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The following is a thought experiment I've been stuck on. (No, this isn't homework. I made it up.) Here it is:
Two-Person Problem
Let's say we have a superposed particle going through a tube. There are two people on each side of the tube, as well as two detectors, one 1 yard away from the start of the tube, and the other 2 yards away from the start of the tube, each on different sides. Also they are two people on each side. Now, when the particle reaches the first detector, it is collapsed to person A, but still superposed to person B. Let's say that the result was $|0 \rangle$. My question is, is it possible to be collapsed and superposed at the same time? Even worse, when the particle reaches the second detector, is it possible it could have a result of $|1 \rangle$? And no, in the experiment they are not allowed to communicate with each other.

What's happening here!

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Look up the "Wigner's Friend" thought experiment: your scenario is the one at the point when the friend knows the state of the cat but before Wigner comes back and asks his friend whether his friend's cat is dead.

Generally such thought experiments involving "conscious observers" are not tackled much anymore as a conscious observer is a hugely complicated, uncharacterised system. Instead we replace Wigner and his friend by quantum observables: simple operators that take the quantum state as an input, return a real valued measurement and somehow (the answer to this somehow is the quantum measurement problem ) straight after the "observable's" application, the quantum system is in the eigenstate of the observable's operator that corresponds to the value measured. The quantum measurement problem need not worry us here. We simply replace the two people by observables and assume that an eigenstate of an observable prevails straight afterward its application, whether or not the quantum state is "collapsed" there. (As an aside, I sense a hope in some writings that the quantum measurement problem is indeed resolvable and may be so even in my lifetime - look up Einselection for example).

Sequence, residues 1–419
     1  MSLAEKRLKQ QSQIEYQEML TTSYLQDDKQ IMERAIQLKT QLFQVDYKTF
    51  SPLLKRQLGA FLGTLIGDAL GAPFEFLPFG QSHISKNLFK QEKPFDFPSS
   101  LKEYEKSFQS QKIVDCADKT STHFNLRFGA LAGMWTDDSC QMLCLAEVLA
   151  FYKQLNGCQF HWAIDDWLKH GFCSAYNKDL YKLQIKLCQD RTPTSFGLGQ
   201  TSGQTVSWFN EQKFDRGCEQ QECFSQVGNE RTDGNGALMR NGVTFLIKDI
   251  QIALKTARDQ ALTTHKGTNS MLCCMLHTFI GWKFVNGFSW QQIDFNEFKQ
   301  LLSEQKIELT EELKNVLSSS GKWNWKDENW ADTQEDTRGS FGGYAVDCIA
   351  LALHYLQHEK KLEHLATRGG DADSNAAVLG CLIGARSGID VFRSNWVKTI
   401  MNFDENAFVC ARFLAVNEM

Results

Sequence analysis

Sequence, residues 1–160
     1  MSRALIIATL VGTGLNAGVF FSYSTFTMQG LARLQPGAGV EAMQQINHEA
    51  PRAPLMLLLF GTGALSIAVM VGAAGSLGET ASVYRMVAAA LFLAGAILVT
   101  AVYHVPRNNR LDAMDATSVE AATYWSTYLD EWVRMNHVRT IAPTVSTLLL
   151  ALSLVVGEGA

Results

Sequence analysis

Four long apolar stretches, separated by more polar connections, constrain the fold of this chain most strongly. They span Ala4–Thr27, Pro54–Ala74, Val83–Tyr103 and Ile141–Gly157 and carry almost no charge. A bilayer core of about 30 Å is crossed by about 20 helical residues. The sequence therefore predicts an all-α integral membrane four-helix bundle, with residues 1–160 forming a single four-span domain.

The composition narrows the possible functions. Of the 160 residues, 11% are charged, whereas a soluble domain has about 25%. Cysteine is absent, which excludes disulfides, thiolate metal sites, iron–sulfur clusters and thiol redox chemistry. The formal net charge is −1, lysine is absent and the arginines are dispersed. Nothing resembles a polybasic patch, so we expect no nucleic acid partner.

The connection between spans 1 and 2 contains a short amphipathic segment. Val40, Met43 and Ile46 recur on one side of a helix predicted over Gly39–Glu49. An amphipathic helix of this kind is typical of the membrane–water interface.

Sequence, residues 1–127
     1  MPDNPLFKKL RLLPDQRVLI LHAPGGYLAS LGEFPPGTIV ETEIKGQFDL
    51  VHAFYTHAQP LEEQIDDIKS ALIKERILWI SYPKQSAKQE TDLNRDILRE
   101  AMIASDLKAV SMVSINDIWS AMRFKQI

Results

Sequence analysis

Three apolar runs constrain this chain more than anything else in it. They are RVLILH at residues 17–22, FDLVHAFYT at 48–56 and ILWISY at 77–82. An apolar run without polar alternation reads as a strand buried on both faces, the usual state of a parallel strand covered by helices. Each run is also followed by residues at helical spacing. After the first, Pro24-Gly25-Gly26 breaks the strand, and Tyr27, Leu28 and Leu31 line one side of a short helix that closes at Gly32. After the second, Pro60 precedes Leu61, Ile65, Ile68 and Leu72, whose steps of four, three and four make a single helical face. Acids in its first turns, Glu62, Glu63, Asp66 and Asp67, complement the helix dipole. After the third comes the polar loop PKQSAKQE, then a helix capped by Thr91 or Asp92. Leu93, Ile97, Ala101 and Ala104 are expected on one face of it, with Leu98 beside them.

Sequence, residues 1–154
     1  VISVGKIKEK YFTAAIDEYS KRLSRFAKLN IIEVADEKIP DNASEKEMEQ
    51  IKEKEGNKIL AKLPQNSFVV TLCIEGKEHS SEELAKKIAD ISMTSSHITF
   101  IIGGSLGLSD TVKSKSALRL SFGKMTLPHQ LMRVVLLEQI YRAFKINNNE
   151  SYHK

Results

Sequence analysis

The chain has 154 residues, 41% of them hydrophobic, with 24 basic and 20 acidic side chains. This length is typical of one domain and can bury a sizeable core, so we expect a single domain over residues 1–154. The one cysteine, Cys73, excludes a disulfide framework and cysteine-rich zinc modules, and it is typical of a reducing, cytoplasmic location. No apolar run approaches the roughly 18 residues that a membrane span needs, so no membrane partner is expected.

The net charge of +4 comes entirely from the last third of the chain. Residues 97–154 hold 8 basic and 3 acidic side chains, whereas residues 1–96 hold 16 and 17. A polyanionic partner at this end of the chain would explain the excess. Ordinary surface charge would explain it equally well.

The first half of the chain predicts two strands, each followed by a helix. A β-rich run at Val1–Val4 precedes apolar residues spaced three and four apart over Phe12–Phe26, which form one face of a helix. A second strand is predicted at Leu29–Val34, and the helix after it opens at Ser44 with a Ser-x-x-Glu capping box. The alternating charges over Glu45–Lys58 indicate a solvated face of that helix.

So now, observable $\hat{W}_1$ acts on a pure quantum state $\psi$ (a pure "superposition", as you call it) and forces it into one of its eigenstates. Now, from the standpoint of the second person (who, as you say, knows the first observable $\hat{W}_1$ has been applied, but does know the eigenstate prevailing after application of $\hat{W}_1$), the quantum state is now in a mixed quantum state. The question of consciousness does not enter: the quantum state has been acted on by $\hat{W}_1$, it's simply that the second person does not know the outcome.

So now, the accepted way to think of the state from the second person's standpoint is as a classical statistical mixture of pure quantum states. Suppose the second observer wants to impart observable $\hat{W}_2$ some time after $\hat{W}_1$ is applied. In principle (this is not done in practice, rather the density Matrix Formalism is used), to foretell the probability distributions of outcomes, the second observer must calculate the pure quantum state's evolution (by, say the Schrödinger equation) for each possible outcome of the observable $\hat{W}_1$ (i.e. for each possible eigenstate $\left|\left.\psi_{1,j}\right>\right.$ output by the observable $\hat{W}_1$), work out the the probability distibutions arising from the application of $\hat{W}_2$ on each of these evolved eigenstates and combine these distributions following the rules of classical probability. As I said, there is a much simpler way of doing all this through the density matrix formalism: the density matrix is:

$$\rho = \sum_j p_{1,j} \,\left|\left.\psi_{1,j}\right>\right. \left<\left.\psi_{1,j}\right|\right.$$

where $\left|\left.\psi_{1,j}\right>\right.$ are the eigenstates of the first observable $\hat{W}_1$ and $p_{1,j}$ their probabilities given the pure quantum state that was input to the first observable. Instead of evolving the pure state by the Schrödinger equation, the density matrix evolves following the Liouville-von Neumann equation:

$$i \hbar \frac{\partial \rho}{\partial t} = [\hat{H},\rho]$$

where $\hat{H}$ is the quantum system's Hamiltonian, and when we get to the time where the second person does their experiment, i.e. imparts observable $\hat{W}_2$, we calculate the $n^{th}$ moment of the statistical distribution of the measurement outcomes as:

$$m_n={\rm tr}\left(\rho\,\hat{W}_2^n\right)$$

whence we can derive the full probability density function for the measurement outcomes from $\hat{W}_2$

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